We discussed the problem of abandonment too yesterday. Michelle and I mentioned that this is something that really needs to be tackled to make the programme work. For example, if the TNRM programme is working as it should in an estate, there really ought not to be any increase in the number of cats. However, the problem is when people start dumping.
One of the officials yesterday urged us to get evidence to implicate the people dumping, but as I said to her, it's almost impossible. You find the kittens and cats - and that's ALL you find. Few people are silly enough to leave any form of identification (few but fortunately not ALL). Plus right now, how do you prove they do belong to the person in the end? Even if you can pin the cats to the family, they can come up with all kinds of excuses because there really is no legal ownership of the cats. THIS is where microchipping might come in handy for resident, home cats.
Now the current method of dealing with this is to remove the cats when they are dumped. This means though that every few months, some cats or kittens are taken away to be killed. Meanwhile, in a flat somewhere, the same mother cat is probably getting pregnant or getting ready to give birth again. Who is penalised? The caregivers, who are seen to be 'letting' the population grow, the TC who then send pest control down again, the residents who see more and more cats in the estate and the taxpayers who are paying to have the cats removed.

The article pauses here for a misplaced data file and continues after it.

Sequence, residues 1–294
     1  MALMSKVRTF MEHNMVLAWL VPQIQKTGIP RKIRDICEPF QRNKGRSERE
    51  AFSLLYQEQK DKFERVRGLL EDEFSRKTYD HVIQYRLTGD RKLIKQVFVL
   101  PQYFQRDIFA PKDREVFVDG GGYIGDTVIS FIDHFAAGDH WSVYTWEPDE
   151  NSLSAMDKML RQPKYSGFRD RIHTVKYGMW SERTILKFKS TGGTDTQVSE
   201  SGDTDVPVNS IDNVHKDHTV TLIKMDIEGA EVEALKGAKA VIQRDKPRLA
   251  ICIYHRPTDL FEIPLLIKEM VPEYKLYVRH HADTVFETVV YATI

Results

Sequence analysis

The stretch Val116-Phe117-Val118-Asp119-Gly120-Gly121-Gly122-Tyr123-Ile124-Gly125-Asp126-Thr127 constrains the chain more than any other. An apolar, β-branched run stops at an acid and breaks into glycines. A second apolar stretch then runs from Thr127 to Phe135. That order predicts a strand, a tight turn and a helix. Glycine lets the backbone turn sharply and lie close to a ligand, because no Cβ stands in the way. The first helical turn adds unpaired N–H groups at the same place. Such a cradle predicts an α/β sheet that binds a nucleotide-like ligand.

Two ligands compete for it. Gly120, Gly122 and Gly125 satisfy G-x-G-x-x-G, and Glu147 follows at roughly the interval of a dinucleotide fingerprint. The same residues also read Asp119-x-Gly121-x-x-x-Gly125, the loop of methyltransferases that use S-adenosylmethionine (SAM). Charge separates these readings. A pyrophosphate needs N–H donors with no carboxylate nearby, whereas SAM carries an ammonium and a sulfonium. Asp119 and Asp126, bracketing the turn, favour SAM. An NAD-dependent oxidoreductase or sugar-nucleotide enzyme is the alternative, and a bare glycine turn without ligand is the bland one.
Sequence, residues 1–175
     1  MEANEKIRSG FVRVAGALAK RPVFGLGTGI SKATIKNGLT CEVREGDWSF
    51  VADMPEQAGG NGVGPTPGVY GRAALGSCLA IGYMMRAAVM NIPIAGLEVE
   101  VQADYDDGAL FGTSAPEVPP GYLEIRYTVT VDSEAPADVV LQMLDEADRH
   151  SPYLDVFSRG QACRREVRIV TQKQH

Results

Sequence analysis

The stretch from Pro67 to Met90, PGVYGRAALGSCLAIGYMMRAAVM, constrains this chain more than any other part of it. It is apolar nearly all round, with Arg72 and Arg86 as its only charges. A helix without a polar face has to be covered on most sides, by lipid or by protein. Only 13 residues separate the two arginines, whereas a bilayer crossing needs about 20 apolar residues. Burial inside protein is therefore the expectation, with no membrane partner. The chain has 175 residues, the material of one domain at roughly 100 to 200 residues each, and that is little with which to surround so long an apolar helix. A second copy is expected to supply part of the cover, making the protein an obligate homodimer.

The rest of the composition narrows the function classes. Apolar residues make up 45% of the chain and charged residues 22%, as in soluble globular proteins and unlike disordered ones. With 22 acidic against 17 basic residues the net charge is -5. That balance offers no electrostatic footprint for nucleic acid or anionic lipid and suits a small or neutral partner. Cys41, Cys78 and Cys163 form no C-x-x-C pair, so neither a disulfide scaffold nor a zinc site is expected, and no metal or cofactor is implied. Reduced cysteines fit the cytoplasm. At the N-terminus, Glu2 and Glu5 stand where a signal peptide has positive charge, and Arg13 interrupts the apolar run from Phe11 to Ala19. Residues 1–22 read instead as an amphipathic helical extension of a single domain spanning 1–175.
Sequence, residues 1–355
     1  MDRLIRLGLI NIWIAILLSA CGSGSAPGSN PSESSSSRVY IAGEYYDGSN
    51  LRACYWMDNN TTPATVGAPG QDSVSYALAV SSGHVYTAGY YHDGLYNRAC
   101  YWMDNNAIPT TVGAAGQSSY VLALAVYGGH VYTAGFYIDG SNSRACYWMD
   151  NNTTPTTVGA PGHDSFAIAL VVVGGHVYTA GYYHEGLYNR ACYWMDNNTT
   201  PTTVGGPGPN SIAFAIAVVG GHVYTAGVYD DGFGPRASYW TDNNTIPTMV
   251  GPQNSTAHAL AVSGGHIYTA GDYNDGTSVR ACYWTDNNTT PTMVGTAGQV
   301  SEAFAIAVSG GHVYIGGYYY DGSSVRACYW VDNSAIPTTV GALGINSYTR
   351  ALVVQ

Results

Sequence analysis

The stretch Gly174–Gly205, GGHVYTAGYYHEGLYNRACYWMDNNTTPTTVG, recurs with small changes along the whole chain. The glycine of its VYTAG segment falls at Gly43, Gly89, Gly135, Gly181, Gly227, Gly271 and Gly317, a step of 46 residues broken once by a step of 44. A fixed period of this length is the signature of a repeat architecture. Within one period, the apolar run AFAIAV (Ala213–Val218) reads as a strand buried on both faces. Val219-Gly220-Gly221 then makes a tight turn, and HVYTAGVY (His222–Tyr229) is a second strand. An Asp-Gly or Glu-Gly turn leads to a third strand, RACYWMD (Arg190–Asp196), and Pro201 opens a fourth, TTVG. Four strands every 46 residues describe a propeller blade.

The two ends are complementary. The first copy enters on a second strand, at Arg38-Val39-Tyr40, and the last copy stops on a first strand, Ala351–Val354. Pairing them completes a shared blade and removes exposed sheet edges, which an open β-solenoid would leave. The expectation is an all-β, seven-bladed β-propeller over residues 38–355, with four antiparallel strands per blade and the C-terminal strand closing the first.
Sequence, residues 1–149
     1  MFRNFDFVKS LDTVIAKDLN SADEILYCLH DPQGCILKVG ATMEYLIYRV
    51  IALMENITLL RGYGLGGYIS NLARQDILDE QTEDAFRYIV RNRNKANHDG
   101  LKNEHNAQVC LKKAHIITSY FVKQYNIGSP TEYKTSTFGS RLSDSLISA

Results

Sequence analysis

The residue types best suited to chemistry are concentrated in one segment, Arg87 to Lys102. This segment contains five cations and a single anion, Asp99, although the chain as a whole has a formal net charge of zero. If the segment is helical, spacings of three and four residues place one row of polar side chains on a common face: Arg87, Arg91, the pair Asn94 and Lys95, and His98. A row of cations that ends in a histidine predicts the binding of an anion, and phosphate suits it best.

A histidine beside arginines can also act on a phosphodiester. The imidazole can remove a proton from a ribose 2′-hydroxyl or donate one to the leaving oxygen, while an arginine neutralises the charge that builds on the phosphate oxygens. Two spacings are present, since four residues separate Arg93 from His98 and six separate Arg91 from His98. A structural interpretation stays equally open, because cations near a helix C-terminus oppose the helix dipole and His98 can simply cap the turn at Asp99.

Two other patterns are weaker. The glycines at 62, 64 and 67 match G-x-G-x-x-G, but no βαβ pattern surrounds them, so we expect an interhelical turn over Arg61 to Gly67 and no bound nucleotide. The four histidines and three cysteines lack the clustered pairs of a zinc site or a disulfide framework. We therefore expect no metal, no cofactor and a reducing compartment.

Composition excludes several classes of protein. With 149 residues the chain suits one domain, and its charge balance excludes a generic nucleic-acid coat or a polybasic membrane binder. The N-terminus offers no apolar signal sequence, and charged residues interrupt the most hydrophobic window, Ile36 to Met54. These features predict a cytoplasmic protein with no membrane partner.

Who is NOT penalised? The irresponsible owner. He or she is the one who isn't bothered and quite happily leaves the cats downstairs for someone else to handle. Is there something wrong with this situation?